DEAR CONCERNED: Take the elephant for a walk. Say directly to your daughter-in-law, “I have been thinking so much about you. I imagine this is a tough day for you, and I just want you to know you are so much in our thoughts.”
She can say, “Oh, it’s been rough, but I’m coping.” She can say, “I don’t really want to talk about it.” Or she can get a little teary and not say anything. But you must acknowledge it to her, as hard or as awkward as you feel it is.
And then you follow her lead and either discuss this or leave it alone. But she will be grateful for your thoughts.
DEAR AMY: We are invited to a baby shower that we morally oppose.
Not only has the mother (our niece), dropped out of college after one semester, but the father of the baby is jobless, married with young kids and has a shady past — he is a “former” drug dealer.
The father is at least 20 years older than our niece, and he has no plans of divorcing his wife. Our niece will be a single young mother getting by with government support, just like the baby’s father.
Should we still go to the baby shower? And if we do, what present should we give, and what should we say? -- Confused
DEAR CONFUSED: You need to refine what you are morally opposed to — and then confine your moral opposition to the adults in this scenario, while not judging or penalizing an unborn child.
Being born to a college dropout, single mother who has a shaky hold on adulthood will saddle this child with challenges at the very start of life.
Do you need to add to this by insisting that you are too morally opposed to your niece’s behavior to contribute to the baby’s well-being with some diapers or a bassinet?
The way to keep this child out of poverty and off of government assistance is for your family to pitch in where you can to help steer this young mom toward a more stable path. She will need to find work, child care and adult mentoring to be the best parent she can be.
And if the drug-dealing dad stays out of the picture — all the better.
Only attend this shower if you can wrap your mind around the idea that you will have a new family member who, hopefully, will someday know you as a kind and thoughtful family member.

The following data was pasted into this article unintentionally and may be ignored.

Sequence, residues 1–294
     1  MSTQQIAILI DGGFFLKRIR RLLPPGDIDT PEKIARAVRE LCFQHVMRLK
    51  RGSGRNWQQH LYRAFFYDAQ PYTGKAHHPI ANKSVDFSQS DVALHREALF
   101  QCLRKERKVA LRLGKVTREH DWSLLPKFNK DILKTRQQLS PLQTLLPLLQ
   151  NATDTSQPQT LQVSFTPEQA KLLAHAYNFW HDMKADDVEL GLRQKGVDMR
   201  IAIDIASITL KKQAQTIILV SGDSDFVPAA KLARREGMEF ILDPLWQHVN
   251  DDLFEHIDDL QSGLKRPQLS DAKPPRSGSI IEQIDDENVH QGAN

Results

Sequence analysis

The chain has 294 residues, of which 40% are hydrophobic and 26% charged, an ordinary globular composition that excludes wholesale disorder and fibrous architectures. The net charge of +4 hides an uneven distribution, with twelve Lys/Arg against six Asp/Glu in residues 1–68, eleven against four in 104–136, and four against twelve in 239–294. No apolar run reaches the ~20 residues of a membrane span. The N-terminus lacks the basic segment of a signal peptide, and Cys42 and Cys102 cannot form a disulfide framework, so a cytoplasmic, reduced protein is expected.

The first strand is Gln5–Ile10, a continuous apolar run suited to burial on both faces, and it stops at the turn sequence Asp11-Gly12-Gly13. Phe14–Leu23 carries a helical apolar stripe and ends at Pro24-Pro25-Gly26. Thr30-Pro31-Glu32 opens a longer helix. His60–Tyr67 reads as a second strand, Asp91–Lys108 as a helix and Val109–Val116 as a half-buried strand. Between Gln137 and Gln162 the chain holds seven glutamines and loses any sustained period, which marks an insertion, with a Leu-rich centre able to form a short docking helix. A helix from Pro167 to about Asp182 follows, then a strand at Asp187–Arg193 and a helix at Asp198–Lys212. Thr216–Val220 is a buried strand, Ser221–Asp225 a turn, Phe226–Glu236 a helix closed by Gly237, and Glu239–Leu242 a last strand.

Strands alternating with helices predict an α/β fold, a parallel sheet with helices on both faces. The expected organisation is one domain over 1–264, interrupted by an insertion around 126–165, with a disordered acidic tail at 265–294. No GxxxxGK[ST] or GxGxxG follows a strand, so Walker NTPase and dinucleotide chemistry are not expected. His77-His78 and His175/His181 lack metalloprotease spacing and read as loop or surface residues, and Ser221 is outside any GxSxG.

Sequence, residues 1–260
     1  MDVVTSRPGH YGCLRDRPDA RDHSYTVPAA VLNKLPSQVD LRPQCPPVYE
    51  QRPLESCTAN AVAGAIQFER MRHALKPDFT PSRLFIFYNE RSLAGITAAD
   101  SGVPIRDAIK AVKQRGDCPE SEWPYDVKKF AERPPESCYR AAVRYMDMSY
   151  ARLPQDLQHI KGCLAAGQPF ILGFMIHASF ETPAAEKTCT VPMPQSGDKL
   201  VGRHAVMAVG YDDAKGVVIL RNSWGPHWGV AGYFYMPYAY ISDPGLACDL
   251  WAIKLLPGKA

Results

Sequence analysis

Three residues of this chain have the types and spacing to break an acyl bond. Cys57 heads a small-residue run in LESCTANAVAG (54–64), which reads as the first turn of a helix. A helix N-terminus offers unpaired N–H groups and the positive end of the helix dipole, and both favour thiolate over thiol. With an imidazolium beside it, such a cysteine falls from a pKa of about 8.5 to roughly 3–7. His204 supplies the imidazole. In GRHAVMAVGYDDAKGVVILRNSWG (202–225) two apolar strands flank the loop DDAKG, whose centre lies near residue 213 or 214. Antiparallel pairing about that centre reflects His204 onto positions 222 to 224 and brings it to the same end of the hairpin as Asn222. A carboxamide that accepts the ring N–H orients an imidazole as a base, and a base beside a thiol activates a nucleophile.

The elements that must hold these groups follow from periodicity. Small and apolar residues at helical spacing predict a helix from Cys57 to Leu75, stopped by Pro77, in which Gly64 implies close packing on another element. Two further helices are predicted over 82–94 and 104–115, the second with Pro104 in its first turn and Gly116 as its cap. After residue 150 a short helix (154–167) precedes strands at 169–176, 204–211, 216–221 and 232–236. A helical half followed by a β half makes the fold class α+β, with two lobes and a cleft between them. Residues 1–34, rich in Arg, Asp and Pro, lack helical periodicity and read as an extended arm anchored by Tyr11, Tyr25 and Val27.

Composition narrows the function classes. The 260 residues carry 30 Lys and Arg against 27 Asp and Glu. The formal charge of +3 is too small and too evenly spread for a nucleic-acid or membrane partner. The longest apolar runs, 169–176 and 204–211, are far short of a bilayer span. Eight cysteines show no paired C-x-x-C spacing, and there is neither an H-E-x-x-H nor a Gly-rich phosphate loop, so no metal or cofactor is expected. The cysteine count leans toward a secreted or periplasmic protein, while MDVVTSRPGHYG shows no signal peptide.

Your sibling (the grandparent of this baby) will have a lot to deal with. Surely you can think of ways to be supportive of your sibling without throwing the baby out with the proverbial bath water.
DEAR AMY: I had a thought about the answer you gave to “Betrayed,” who works at a local bar and was feeling “insulted and ... betrayed” by a good friend (now co-worker) whose sleeping with co-workers she thought inappropriate.
I was jarred by her statement that, “Neither of the guys she was with knew about the other until I told them; now we all feel betrayed.”
In my opinion, “Betrayed” had no business cluing-in the two guys — and that by doing so, she, herself, was “betraying” the confidence of her “good friend” and demonstrating her limited understanding of friendship. What do you think? -- DC Fan
DEAR FAN: “Betrayed” had recommended her friend for a job and had asked her to please not sleep with the bouncers. Friend had in fact slept with two of them.
I completely agree that Betrayed seemed to gratuitously notify both men — but these days people who do this have a ready reason: “I was warning him/her about the danger of STDs!”
As I responded, Betrayed is not responsible for her friend’s behavior — on or off the job.
Write to Amy Dickinson at email@example.com or Ask Amy, Chicago Tribune, TT500, 435 N. Michigan Ave., Chicago, Ill. 60611.
2012 by the Chicago Tribune
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